References Adams, W. 1995: Sustainable development? In R.J. Johnston, M.J. Watts and P.J. Taylor, eds, Geographies of global change. Remapping the world in the late twentieth century, ch. 21. Oxford and Cambridge, MA: Blackwell, 354-373. Berman, M. 1982: All that is solid melts into air: the experience of modernity. New York: Simon and Schuster. Blaikie, P.M. 1985: The political economy of soil erosion in developing countries. London: Longman. Blaikie, P. and Brookfield, H., eds, 1987: Land degradation and society. London and New York: Methuen. Blaut, J.M. 1992: Fourteen ninety-two. Political Geography 11: 335-86. Brookfield, H. 1975: Interdependent development. London: Methuen; Pittsburgh, Pa.: University of Pittsburgh Press. Gould, P. 1970: Tanzania 1920-63: the spatial impress of the modernisation process. World Politics 22 2: 149-70. Harvey, D. 1982: The limits to capital. Oxford and Cambridge, MA: Blackwell. Harvey, D. 1989: The condition of postmodernity. Oxford and Cambridge, MA: Blackwell, ch. 5, 99-112. Hettne, B. 1990: Development theory and the three worlds. Harlow: Longman. Hobsbawm, E.J. 1979: The development of the world economy. Cambridge Journal of Economics 3: 305-18. Knox, P. and Agnew, J. 1998: The geography of the world economy, 3rd edn. London and New York: Arnold. Peet, R. 1991: Global capitalism: theories of societal development. London: Routledge. Riddell, J.B. 1970: The spatial dynamics of modernisation in Sierra Leone: structure, diffusion and response. Evanston, Ill.: Northwestern University Press. Rostow, W.W. 1960: The stages of economic growth: a non-communist manifesto. Cambridge: Cambridge University Press. Rostow, W.W. 1978: The world economy: history and prospect. London: Macmillan. Soja, E.W. 1968: The geography of modernization in Africa. Syracuse: Syracuse University Press. Soja, E.W. and Tobin, R.J. 1972: The geography of modernisation: paths, patterns and processes of spatial change in developing countries. In R. Brunner and G. Brewer, eds, A political approach to the study of political development and change. Beverly Hills, CA: Sage Publications. Taylor, J.G. 1979: From modernisation to modes of production: a critique of the sociologies of development and underdevelopment. London: Macmillan; Atlantic Highlands, NJ: Humanities Press. Watts, M. 1992: The shock of modernity: petroleum, protest and fast capitalism in an industrializing society. In A. Pred and M. Watts, Reworking modernity: capitalisms and symbolic discontent, ch. 2. New Brunswick, NJ: Rutgers University Press; reprinted in S. Daniels and R. Lee, eds, 1996: Exploring human geography. London: Arnold, ch. 6, 120-52. Watts, M.J. 1993: Development I: power, knowledge, discursive practice. Progress in Human Geography 17 2: 257-72. Watts, M. and McCarthy, J. 1997: Nature as artifice, nature as artefact: development, environment and modernity in the late twentieth century. In R. Lee and J. Wills, eds, Geographies of economies, ch. 6. London and New York: Arnold, 71-86;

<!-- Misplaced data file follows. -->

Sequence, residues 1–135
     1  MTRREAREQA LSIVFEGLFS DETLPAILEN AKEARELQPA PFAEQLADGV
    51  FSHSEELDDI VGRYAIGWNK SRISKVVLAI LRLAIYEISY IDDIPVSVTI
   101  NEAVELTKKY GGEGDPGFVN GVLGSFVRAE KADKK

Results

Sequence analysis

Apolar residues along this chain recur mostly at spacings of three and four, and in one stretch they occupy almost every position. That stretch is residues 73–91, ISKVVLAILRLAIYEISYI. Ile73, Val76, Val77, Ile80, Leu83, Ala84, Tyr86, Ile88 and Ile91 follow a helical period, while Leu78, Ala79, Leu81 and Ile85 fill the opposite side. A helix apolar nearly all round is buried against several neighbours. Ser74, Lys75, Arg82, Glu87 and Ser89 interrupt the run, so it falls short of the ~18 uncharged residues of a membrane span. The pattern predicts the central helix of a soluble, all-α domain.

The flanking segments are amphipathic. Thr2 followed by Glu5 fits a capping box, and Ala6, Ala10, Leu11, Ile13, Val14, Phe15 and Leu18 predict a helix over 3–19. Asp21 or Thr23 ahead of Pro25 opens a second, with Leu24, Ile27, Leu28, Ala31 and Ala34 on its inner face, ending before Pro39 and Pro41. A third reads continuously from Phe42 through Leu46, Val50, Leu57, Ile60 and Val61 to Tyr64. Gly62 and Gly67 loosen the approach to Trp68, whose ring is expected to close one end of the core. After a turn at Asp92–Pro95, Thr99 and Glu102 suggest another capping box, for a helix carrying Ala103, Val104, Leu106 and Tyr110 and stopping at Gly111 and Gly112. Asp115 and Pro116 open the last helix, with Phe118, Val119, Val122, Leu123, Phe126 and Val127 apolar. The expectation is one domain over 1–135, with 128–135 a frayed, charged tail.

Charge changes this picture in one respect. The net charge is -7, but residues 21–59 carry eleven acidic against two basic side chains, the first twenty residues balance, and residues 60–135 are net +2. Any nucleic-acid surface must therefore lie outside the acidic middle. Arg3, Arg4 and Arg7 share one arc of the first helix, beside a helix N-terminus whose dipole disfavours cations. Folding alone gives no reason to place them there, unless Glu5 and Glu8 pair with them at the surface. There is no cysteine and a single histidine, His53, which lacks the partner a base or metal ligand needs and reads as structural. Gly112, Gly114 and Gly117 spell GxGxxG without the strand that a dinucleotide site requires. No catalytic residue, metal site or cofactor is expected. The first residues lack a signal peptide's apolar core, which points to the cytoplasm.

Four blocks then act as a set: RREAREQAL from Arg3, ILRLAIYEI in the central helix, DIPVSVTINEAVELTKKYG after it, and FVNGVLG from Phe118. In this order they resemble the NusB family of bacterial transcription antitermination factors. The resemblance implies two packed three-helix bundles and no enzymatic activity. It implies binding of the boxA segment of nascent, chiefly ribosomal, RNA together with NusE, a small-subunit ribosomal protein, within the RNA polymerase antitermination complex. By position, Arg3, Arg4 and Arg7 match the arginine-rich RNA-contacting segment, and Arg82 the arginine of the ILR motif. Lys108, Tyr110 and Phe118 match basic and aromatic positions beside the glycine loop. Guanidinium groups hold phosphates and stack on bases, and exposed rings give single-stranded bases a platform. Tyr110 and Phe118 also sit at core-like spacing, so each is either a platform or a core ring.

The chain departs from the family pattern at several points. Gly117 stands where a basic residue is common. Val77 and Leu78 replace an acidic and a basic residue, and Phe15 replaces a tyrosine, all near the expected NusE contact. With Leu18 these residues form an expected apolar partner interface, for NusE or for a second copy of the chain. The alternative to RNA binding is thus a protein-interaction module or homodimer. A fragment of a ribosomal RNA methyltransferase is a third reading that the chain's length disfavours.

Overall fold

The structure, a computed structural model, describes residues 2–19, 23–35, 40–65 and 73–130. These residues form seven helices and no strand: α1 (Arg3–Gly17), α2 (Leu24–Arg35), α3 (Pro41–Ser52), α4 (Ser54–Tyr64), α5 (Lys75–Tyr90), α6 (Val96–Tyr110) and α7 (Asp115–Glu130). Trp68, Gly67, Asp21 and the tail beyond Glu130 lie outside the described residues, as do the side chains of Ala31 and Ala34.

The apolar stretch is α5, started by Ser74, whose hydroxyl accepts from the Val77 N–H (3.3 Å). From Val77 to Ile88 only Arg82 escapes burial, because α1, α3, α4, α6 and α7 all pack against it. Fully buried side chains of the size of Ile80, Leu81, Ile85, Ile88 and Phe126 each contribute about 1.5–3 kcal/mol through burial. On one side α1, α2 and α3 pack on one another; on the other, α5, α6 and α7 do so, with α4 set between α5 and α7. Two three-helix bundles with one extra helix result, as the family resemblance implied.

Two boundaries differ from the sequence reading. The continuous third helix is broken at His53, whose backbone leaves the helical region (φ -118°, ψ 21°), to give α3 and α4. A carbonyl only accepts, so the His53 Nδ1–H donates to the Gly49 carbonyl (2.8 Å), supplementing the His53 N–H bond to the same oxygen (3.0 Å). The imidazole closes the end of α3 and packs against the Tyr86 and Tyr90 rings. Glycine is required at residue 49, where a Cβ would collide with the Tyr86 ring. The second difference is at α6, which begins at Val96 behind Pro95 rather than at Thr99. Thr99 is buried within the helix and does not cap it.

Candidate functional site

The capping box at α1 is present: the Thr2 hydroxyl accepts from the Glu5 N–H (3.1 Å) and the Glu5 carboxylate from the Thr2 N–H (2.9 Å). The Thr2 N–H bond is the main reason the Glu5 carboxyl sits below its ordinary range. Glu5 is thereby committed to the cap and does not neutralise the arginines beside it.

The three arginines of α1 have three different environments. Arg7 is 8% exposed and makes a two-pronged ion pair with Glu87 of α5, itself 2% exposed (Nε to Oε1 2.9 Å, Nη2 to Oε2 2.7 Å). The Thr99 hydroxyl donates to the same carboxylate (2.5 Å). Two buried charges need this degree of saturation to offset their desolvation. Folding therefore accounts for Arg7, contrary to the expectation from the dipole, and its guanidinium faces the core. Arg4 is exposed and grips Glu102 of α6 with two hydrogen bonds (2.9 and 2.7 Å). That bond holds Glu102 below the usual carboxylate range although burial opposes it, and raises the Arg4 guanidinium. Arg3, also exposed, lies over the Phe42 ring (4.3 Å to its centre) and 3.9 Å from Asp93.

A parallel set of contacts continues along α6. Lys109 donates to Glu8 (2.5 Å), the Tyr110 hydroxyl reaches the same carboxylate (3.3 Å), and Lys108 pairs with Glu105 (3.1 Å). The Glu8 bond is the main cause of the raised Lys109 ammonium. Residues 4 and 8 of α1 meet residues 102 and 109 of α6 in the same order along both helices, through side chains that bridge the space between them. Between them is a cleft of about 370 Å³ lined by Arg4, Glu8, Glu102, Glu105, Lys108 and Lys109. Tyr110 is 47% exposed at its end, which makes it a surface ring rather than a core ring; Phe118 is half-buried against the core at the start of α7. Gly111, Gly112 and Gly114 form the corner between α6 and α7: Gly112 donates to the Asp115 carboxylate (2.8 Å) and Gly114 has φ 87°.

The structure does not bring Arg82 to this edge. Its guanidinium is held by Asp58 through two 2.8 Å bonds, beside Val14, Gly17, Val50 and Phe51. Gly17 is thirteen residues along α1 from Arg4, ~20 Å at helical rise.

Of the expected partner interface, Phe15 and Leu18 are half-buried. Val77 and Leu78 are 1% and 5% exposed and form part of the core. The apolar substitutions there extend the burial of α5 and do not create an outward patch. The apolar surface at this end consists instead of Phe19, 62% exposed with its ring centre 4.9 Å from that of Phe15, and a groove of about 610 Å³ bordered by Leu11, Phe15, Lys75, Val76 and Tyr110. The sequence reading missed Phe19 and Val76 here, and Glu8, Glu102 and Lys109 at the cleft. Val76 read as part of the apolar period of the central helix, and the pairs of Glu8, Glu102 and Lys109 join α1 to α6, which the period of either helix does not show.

Suggested Reading Corbridge, S. 1986: Capitalist world development. London: Macmillan, ch. 1. Corbridge, S. 1995: Development studies: a reader. London and New York: Arnold, section one. Hobsbawm (1979). Peet (1991), ch. 3. Routledge, P. 1995: Resisting and reshaping the modern: social movements and the development process. In R.J. Johnston, M.J. Watts and P.J. Taylor, eds, Geographies of global change: remapping the world in the late twentieth century, ch. 16. Oxford and Cambridge, MA: Blackwell, 263-79. Watts (1992/96). Watts and McCarthy (1997).